Updated: Jul 27, 2022
You don't know what you can do till you do it.
I wonder if she can do it. I have to decide in a moment which version of the hike she can handle including a shorter, easier version. She would be no worse for the wear but, to me, easier means missing out and copping out. We don't live to take it easy. We're here to challenge ourselves and each other and just as this hike may challenge her, her limitations will challenge me.
Do either of us want that challenge? That's the question, as there is a chance that we may not overcome.
Having learned that guests are far more capable than I suspect or they realize I tend to err on the side of chance and destiny. It's definitely a gamble because, while they don't know what's ahead, I do. I know each of the rocks and roots, the narrow stretches along the ridge. I know how people react to the up and down, the riverbed of boulders. I've watched twelve hundred take this trail - and some with trepidation and grief - so I know what could be including swings of mood. That's why I bring the wine and spring it on 'em when all seems lost.
If the hike were described in detail nobody would ever book. No different from life: if we knew the pitfalls and pain to come we may not want to live. I'd rather advertise a leisurely stroll but then drag them up a mountain of hard-earned fulfillment that lodges into their lobes and remains a part of who they are.
After all, what are we but an accumulation of all we've done?
Today I'm about to test the tenacity of a fifty-year-old Philadelphian not in ideal shape.
Not much of a hiker is Mother T. but being here isn't her fault; she didn't choose the day. Her daughter did, also without knowing what was in store. So neither are to blame for choosing an experience that Mother T. may not complete much less enjoy.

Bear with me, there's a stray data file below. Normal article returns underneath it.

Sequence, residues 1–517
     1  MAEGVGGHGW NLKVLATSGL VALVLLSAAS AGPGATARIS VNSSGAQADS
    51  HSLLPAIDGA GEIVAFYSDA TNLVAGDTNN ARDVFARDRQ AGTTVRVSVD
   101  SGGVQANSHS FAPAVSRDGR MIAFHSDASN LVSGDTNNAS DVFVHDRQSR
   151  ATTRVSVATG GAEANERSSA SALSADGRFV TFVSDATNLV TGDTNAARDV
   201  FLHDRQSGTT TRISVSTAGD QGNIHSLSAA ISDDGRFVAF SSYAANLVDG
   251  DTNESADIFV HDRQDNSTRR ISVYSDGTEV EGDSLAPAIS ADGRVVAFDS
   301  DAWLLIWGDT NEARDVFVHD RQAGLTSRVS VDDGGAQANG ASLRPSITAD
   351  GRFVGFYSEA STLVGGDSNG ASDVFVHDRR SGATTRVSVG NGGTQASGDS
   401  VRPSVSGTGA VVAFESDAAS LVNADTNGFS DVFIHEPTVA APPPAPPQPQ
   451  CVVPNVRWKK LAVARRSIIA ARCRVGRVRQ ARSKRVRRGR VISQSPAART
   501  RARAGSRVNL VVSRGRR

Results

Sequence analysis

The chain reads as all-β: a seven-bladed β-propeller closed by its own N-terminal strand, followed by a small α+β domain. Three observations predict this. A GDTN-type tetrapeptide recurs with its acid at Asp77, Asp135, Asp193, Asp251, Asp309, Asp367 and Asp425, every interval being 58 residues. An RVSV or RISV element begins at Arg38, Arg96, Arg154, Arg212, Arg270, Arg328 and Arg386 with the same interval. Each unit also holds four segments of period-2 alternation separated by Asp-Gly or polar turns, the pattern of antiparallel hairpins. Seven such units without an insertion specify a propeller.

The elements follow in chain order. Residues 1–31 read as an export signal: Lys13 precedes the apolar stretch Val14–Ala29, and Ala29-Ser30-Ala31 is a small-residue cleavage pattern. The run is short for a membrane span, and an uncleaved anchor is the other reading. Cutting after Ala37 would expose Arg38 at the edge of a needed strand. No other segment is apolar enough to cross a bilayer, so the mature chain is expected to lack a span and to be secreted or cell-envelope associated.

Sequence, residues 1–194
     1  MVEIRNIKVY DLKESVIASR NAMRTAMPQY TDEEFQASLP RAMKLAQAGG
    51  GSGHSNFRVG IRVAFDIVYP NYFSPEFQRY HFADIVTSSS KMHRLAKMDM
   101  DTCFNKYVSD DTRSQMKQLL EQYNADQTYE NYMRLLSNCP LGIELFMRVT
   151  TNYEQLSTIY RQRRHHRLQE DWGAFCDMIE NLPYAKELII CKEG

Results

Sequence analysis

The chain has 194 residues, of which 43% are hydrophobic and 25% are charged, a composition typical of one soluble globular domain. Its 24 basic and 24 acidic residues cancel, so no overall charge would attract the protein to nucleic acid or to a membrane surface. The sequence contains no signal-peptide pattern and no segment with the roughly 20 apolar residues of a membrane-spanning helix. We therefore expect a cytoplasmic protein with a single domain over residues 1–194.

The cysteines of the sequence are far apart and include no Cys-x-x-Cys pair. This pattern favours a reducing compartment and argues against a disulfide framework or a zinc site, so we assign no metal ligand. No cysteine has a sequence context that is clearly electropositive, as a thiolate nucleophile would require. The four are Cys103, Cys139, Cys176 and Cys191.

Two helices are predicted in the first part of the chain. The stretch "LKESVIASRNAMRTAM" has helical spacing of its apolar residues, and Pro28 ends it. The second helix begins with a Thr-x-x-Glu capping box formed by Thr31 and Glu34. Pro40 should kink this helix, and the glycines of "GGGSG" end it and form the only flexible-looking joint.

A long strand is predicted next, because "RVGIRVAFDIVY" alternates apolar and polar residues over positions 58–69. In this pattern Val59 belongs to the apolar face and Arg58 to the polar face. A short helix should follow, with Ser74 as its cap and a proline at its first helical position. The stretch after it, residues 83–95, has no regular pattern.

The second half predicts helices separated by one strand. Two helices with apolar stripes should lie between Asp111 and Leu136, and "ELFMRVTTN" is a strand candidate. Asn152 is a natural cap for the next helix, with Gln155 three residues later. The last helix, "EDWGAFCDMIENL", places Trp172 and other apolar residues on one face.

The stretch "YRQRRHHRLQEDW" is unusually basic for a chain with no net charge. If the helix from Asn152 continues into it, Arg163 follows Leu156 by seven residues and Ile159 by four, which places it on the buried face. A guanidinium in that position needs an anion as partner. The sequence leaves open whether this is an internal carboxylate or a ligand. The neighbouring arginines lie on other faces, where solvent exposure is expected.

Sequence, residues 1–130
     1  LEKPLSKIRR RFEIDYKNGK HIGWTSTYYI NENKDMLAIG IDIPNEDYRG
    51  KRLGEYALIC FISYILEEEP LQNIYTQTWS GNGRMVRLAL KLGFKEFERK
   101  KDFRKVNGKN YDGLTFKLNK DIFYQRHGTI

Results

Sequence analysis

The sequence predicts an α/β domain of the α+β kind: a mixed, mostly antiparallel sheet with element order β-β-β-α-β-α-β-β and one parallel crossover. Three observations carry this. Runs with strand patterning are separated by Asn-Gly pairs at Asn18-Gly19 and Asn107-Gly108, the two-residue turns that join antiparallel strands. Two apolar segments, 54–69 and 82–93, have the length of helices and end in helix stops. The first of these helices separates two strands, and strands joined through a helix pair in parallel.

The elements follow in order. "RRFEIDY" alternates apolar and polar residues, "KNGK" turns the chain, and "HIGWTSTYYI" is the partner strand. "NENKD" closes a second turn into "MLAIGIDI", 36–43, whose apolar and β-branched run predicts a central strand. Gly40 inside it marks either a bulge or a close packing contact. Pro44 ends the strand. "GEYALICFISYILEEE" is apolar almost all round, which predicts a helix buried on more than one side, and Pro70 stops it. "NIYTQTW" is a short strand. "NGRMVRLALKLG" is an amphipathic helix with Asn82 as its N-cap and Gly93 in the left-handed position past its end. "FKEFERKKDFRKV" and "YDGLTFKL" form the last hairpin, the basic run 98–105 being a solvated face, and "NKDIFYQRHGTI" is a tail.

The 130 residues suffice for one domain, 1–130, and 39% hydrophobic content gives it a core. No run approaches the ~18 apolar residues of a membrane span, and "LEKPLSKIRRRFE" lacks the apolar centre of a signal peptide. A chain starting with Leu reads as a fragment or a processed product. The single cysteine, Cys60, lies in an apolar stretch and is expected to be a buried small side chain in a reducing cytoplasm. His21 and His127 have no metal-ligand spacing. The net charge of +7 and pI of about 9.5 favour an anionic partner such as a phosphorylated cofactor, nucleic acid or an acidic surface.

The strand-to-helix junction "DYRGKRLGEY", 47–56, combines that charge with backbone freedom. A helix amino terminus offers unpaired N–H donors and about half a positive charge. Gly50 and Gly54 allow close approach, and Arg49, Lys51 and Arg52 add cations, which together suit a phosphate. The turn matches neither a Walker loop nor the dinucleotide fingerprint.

I'm concerned of course. Not only do I want guests to complete the hike I want them to love it. And while the river and scenery are easy to love the uneven ground and two-hundred foot incline is easy not to. Judging by her smile however I can't imagine Mother T. hating anything much less a beautiful hike no matter how strenuous.
Her entire being and history in that smile, plus warmth, love, heart, strength, determination, struggle, compassion, tolerance and Jesus.
Yes, "Jesus!" she cries along the trail. I remind that wine is head, that the final hour leads to tastings at Cornerstone Estate, that this wrangle turns to wine.
"There's no wine," she says with discouragement, "worth this hike."
I laugh, but not inside. I laugh to cheer her on but fear I made the wrong decision. I worry she may not be capable and that our pace and section choices will limit the experience of her daughter and friend. I'm forever conscious that one's inabilities may cheat the others of the full experience so I try to please all without giving up too much for any.